When silence is shameful: A time to speak up (as an Indian)

August 3, 2017 by  
Filed under India, newsletter-india

India, August 3, 2017: When my 16-year-old daughter, Ishta, raised a Christian (like her mother) – though I am Hindu – asked me who Junaid was and why he had been killed, I was unable to answer.  Hafiz Junaid, a young Muslim boy not much older than my daughter, was killed by a Hindu mob and thrown off a train, with three other Muslim boys who were also viciously attacked, a month ago.

The boys were on their way home after having attended a Muslim religious festival.  Nearly 200 people present at the railway station where they were hurled off the train, later claimed not to have seen anything.

Time to Speak Out

For some time now, I have been deeply troubled by the rise in Hindu religious fervour and fundamentalism throughout India, which has clearly been encouraged by a right-wing government that, until recently, chose to remain largely silent about this and other attacks on Muslims and other religious minorities.  I am grateful to my daughter, whose question prompted me to think back another heinous murder that took place in a different country nearly 55 years ago.

On 15 September 1963, four young black children lost their lives when white supremacist members of the Ku Klux Klan blew up the African-American 16th Street Baptist Church in Birmingham, Alabama.

A day after that awful event, described by Martin Luther King as “one of the most vicious and tragic crimes ever perpetrated against humanity,” a white southerner, Charles Morgan Jr., delivered a speech at a venue that was widely considered to be the heart of the city’s white establishment – the Young Men’s Christian Club.

He blamed community leaders, and indeed the white Birmingham community in general, for their failure to stand up to the prevailing climate of racial intolerance and outright hatred.

Morgan’s speech was entitled ‘A Time to Speak’ – an allusion to the Biblical reference “A time to rend, and a time to sew; a time to keep silence, and a time to speak (Ecclesiastes 3:7).”

As a proud Hindu, I find it appropriate in these intolerant and violent times in India to be drawing inspiration from Morgan’s brave speech and indeed from the Bible itself. Hinduism has traditionally been associated with being respectful of other faiths, with tolerance and secularism, and certainly not bigotry and religious hatred.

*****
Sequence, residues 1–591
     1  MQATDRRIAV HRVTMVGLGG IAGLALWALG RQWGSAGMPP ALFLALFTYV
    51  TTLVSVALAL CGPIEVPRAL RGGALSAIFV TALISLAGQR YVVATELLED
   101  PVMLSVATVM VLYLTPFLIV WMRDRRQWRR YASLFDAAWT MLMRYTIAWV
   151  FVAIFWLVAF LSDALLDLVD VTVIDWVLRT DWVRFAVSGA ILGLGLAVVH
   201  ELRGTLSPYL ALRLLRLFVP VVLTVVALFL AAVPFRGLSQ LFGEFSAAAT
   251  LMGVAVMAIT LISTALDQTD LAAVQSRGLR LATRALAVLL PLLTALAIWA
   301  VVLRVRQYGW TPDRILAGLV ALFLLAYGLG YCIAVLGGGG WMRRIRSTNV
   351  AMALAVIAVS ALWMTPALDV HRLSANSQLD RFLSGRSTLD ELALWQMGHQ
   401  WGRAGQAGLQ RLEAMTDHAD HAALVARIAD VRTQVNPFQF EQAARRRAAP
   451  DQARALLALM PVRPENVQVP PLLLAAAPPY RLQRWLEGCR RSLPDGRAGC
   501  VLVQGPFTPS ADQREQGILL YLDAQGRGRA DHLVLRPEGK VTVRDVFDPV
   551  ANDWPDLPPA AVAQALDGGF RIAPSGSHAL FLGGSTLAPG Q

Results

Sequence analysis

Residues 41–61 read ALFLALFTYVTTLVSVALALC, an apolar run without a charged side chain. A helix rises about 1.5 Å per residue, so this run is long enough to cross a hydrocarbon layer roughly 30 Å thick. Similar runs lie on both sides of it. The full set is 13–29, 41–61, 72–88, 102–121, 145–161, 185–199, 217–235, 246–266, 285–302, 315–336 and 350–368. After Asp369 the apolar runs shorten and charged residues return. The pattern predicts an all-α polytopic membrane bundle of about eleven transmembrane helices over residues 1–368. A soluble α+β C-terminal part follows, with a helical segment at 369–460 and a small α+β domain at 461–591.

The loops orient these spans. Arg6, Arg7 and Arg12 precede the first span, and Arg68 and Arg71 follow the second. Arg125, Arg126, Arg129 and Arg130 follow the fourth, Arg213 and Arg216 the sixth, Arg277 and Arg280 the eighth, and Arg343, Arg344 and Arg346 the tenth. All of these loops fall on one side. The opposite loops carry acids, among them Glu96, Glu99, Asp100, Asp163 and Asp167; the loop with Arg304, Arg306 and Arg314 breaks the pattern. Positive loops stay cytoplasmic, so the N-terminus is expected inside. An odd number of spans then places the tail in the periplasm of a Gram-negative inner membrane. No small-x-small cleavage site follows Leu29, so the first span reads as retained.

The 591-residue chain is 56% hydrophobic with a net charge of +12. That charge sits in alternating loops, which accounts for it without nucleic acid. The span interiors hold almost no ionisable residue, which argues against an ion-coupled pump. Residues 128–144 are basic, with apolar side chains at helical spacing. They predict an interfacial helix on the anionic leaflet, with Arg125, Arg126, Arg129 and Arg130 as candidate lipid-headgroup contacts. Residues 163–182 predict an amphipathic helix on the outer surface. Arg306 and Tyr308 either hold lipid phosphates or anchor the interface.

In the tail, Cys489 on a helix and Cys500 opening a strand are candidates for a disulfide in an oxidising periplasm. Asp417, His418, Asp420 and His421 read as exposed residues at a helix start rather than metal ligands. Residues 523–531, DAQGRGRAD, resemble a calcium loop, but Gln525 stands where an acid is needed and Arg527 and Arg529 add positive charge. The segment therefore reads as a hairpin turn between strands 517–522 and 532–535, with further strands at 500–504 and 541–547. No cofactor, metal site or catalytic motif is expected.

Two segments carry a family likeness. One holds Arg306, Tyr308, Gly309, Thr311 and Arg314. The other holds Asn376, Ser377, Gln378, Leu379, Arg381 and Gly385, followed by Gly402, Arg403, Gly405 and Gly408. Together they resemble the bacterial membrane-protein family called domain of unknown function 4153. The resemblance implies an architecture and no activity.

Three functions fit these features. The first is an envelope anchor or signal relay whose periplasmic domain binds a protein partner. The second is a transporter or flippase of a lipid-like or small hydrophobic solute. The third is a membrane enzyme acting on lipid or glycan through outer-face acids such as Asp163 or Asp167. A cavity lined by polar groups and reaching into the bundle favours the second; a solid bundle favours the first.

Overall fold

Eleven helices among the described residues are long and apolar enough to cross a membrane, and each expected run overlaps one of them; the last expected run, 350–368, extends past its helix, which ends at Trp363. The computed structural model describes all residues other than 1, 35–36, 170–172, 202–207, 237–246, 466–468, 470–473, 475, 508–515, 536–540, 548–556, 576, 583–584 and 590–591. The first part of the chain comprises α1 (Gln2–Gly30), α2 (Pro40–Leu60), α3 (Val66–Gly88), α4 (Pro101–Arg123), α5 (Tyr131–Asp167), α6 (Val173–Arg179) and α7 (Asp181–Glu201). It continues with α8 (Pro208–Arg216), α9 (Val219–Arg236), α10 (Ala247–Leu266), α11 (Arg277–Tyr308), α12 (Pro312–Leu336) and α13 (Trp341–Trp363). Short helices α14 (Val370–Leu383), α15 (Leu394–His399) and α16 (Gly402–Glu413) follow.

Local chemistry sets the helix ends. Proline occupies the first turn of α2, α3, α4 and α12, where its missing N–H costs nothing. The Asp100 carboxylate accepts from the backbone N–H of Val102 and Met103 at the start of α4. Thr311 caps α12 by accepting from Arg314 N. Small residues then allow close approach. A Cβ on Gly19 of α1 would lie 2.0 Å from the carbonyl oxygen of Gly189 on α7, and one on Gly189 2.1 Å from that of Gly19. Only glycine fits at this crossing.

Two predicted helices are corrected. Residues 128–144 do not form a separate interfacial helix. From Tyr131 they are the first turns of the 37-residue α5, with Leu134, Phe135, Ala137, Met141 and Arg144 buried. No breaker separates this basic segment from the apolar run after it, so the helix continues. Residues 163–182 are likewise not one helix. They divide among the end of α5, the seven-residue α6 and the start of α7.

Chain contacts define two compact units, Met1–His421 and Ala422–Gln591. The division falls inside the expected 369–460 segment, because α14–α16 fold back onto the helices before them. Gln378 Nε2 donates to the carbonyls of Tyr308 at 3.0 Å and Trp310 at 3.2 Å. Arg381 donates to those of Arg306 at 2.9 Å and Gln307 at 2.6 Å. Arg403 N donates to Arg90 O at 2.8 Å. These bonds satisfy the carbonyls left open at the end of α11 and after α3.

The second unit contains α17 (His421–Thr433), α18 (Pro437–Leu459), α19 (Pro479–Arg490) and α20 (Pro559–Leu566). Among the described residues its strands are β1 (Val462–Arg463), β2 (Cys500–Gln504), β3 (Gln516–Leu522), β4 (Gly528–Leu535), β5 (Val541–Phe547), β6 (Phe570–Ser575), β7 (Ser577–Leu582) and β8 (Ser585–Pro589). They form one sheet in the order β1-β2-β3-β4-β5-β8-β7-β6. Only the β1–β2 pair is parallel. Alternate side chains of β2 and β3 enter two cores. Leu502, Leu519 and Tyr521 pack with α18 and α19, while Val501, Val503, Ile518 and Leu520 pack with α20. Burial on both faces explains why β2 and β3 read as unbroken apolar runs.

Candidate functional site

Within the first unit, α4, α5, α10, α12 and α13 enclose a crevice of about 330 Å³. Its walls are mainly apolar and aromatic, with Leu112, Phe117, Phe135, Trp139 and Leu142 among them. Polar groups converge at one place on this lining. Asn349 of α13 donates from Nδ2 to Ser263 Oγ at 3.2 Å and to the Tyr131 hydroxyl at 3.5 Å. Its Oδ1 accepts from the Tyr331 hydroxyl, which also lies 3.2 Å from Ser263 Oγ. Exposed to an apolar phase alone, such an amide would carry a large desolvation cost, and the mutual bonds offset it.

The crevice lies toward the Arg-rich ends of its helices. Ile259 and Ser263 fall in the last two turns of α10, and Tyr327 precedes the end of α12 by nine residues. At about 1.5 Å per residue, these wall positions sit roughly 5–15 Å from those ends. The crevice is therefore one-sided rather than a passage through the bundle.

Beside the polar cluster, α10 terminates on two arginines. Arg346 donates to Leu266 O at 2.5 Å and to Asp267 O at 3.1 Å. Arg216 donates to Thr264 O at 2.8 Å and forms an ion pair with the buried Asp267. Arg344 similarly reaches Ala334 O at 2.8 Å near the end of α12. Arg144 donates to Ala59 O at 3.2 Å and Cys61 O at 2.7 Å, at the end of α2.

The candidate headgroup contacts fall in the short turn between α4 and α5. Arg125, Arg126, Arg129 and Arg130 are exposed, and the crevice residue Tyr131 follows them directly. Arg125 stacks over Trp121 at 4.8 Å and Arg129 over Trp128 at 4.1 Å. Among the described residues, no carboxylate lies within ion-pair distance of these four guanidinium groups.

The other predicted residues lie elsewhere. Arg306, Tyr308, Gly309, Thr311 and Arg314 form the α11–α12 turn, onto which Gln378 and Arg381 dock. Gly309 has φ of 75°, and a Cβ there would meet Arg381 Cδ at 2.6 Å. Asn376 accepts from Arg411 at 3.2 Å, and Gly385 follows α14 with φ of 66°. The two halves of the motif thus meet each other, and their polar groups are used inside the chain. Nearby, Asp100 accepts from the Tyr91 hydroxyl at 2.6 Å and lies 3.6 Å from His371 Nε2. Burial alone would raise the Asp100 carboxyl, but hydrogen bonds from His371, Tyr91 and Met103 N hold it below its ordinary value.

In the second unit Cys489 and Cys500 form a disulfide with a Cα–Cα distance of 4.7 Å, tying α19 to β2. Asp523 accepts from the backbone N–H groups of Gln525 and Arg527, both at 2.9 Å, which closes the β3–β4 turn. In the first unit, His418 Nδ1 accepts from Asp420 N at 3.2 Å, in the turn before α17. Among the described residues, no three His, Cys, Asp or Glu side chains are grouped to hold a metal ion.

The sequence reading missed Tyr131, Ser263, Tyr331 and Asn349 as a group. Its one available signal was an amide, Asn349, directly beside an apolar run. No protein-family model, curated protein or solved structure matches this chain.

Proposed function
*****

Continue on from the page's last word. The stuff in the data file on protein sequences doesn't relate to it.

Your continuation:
The recent killing of young Junaid and others in the country, for being Muslim – or for being Dalit, or Christian, or, for that matter, for consuming beef – is as worthy of condemnation as the murder of those innocent children killed in Birmingham all those years ago.

‘Not In My Name’ Protests

Many brave voices (but not nearly enough) in India have condemned Junaid’s murder and violence against Muslims in no uncertain terms (for instance, Irena Akbar’s “Inside the Mind of the Indian Muslim”, Indian Express, 8 July 2017, and Imad Ul Riyaz’s “No Country for Reconciliation”, Indian Express, 24 July 2017).

Equally worthy of admiration are the spontaneous ‘Not in My Name’ protests that arose in several cities across India after Junaid’s killing – an otherwise very noble bit of news in between the all-too-frequent reports of rapes, mob violence and the murder or abuse of religious minorities that seem to emerge almost daily from India.

Hindu hardliners and apologists for the right-wing have been quick, however, to condemn even these inspired and timely protests.  See, for instance, the opinion piece by Swapan Dasgupta titled “The Liberal Flaunting ‘Not in my Name’ Placards got it Wrong” (TOI, July 2, 2017) where the author’s basic – and untrue – critique appears to be that the organisers of the protests had a secret agenda: ‘to kick Modi and brush aside related issues that didn’t quite fit the narrative of Hindu self-flagellation.”

If he gets around to reading this piece, Dasgupta is no doubt likely to condemn non-resident Hindus like me for being out of touch with ground realities in India. Let me pre-empt him, and others of his ilk, by pointing out that sometimes things can be even clearer when viewed from a distance. Those of us living in Singapore or other countries, may be physically distant from India, but we are hardly emotionally distant from what seems to be an alarming campaign against minorities in India.

Should Condemn Senseless Violence

Where this intolerance stems from is complex and better addressed elsewhere. The nature of this intolerance should nevertheless be amply clear to every Indian of every hue, whether resident in the country or not. We must all condemn this violence and narrow-mindedness, which goes against the original precepts of Hinduism, for unless we all speak out, we risk allowing the violence and intolerance of a few be imputed to all of us.

We were all marginalised by young Junaid’s murder and should be ashamed of senseless violence like this being allowed to take place in India. If we continue to remain silent witnesses, we will be no different from those present at the station where Junaid lost his life and who later denied having seen anything. Things risk spiralling further out of control unless we all condemn such senseless violence and bigotry.

– the quint

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